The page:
Tag Archive for: Polivy

Emerging DLBCL Treatments That Patients Should Know About

Emerging DLBCL Treatments That Patients Should Know About from Patient Empowerment Network on Vimeo.

Are there new diffuse large B-cell lymphoma (DLBCL) treatment options? Dr. Kami Maddocks reviews developing research and approaches and what these advances could mean for patients.

Dr. Kami Maddocks is a hematologist who specializes in treating patients with B-cell malignancies at the The Ohio State University Comprehensive Cancer Center – The James. Learn more about Dr. Maddocks.

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Transcript:

Katherine:

Have there been any recent developments in how DLBCL is treated?  

Dr. Maddocks:

There had been recent developments. So, the CAR T-cell therapy, there is now three approved options for patients. And so, even patients who maybe are older and not considered candidates for a stem cell transplant because of other medical factors, might be able to get the CAR T-cell therapy. This is now, again, approved in the second line. There are a couple antibody drug conjugates, polatuzumab and loncastuximab, they target proteins called CD-79 and CD-19.  

And the polatuzumab’s the one that probably is going to be available for part of the front-line treatment in the future. There’s the antibody tafasitamab and lenalidomide. These are all approved therapies in the relapse setting. There are also therapies that are being studied and showing promising activity, which we think are probably likely to be approved in the future. There’s something particularly called bi-specific antibodies.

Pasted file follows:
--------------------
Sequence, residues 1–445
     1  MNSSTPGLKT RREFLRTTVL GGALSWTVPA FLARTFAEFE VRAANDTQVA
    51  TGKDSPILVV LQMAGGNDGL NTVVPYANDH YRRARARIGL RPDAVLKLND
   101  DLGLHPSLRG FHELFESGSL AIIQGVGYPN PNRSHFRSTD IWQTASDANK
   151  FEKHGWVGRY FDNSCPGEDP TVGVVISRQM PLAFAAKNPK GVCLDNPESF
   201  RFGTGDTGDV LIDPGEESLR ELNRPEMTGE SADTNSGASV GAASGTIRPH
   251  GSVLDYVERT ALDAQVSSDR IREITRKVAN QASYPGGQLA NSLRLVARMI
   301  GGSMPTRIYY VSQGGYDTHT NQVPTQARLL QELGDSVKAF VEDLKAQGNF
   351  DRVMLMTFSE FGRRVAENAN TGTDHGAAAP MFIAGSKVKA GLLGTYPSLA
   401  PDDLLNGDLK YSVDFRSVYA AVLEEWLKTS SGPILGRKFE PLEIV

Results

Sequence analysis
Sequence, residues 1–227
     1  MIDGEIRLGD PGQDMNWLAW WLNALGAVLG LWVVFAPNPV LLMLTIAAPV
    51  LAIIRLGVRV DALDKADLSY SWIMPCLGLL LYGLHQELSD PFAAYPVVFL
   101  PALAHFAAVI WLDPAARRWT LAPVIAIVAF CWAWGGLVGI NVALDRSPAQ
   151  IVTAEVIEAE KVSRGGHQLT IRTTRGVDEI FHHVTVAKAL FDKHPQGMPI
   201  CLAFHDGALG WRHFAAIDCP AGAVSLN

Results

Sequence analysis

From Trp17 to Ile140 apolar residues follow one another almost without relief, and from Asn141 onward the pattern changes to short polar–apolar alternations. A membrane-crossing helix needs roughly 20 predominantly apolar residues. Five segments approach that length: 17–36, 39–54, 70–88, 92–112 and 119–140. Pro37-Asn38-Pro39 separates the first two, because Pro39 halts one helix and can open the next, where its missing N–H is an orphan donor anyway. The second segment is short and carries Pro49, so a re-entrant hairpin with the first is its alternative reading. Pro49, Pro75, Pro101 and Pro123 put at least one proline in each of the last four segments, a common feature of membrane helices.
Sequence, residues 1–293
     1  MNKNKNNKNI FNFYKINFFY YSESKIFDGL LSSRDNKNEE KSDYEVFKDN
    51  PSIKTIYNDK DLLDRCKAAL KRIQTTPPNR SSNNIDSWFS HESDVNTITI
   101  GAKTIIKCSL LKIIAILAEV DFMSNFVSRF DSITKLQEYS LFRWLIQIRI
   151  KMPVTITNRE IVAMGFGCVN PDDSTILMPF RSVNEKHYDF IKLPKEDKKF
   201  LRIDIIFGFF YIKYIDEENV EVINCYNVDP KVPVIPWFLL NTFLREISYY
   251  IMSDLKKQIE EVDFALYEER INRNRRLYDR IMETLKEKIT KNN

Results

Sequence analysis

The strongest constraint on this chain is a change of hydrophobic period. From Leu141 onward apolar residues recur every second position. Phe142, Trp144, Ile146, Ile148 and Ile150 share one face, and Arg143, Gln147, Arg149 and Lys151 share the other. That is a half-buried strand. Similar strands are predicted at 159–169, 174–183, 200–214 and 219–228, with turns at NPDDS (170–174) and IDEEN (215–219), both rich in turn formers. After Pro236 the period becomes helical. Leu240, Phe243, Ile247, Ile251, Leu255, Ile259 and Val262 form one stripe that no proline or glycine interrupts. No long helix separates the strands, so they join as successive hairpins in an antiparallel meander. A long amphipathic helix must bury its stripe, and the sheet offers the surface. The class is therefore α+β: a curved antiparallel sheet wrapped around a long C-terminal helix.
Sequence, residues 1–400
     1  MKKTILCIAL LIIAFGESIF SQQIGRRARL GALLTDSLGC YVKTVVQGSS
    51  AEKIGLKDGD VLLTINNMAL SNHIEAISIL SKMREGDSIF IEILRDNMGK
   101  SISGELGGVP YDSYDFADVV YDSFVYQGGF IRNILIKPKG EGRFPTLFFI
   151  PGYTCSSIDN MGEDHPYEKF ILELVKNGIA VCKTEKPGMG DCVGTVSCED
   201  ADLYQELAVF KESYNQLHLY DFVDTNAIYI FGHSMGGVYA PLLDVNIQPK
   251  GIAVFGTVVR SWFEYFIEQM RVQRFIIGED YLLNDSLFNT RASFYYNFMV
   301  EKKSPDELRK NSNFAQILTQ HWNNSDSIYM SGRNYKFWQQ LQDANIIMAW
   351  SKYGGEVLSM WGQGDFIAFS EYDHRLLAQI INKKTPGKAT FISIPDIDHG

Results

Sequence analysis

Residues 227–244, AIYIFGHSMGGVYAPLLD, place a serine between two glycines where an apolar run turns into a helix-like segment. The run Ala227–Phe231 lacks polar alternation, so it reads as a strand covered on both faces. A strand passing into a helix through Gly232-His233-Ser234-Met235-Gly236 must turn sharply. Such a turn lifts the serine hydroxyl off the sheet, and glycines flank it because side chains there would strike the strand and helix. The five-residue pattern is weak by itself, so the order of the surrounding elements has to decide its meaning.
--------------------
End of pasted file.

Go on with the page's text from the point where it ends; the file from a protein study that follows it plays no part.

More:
So, this targets a protein on the tumor cell but also a protein on the T cell. So, remember I said the T cells aren’t functioning. So, this targets the protein on the lymphoma cell but then targets a protein on the T cell to engage it to attack the lymphoma cell. 

Katherine:

Right. Combination approaches?   

Dr. Maddocks:

Yeah. So, there are a number of combination approaches under study a lot of the therapies that I mentioned, like the bi-specific antibodies, the antibody drug conjugates. These are all therapies that – they have side effects – I hate to say they’re well-tolerated – they have side effects but their side effects are such that they can be combined with other agents, that have different toxicities that are combined with each other. And so, there’s a lot of ongoing trials looking at combining these. There’re also oral targeted therapies that target proteins that are known to help the lymphoma cells survive and these are modulator therapies, BTK inhibitors, other inhibitors, that are being evaluated and used in combinations.  

Katherine:

Thanks, Dr. Maddocks. That’s really helpful information. 

An Overview of Current DLBCL Treatment Approaches

An Overview of Current DLBCL Treatment Approaches from Patient Empowerment Network on Vimeo.

What do diffuse large B-cell lymphoma (DLBCL) patients need to know about current treatment approaches? Expert Dr. Loretta Nastoupil provides an overview and gives an update about ongoing research comparing two treatment regimens.

Dr. Loretta Nastoupil is Director of the Lymphoma Outcomes Database in the Department of Lymphoma/Myeloma at The University of Texas MD Anderson Cancer Center. Learn more about Dr. Nastoupil, here.

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Transcript:

Katherine:

Dr. Nastoupil, now that we’ve discussed factors that go into the treatment choices, can you walk us through the currently available DLBCL treatment approaches and who they might be right for?

Dr. Nastoupil:

Absolutely. So, again, this is changing, and that’s good news. So, up until recently, R-CHOP or rituximab in combination with CHOP, which is an acronym for four different drugs, cyclophosphamide, doxorubicin, vincristine, and prednisone, has been our standard.

Again, what would potentially challenge that is the POLARIX study where we exchange vincristine for polatuzumab. We don’t know the results of that study yet. All we know is that it met its primary endpoint, meaning it met what it set out to do in terms of improving upon some of the outcomes achieved with R-CHOP.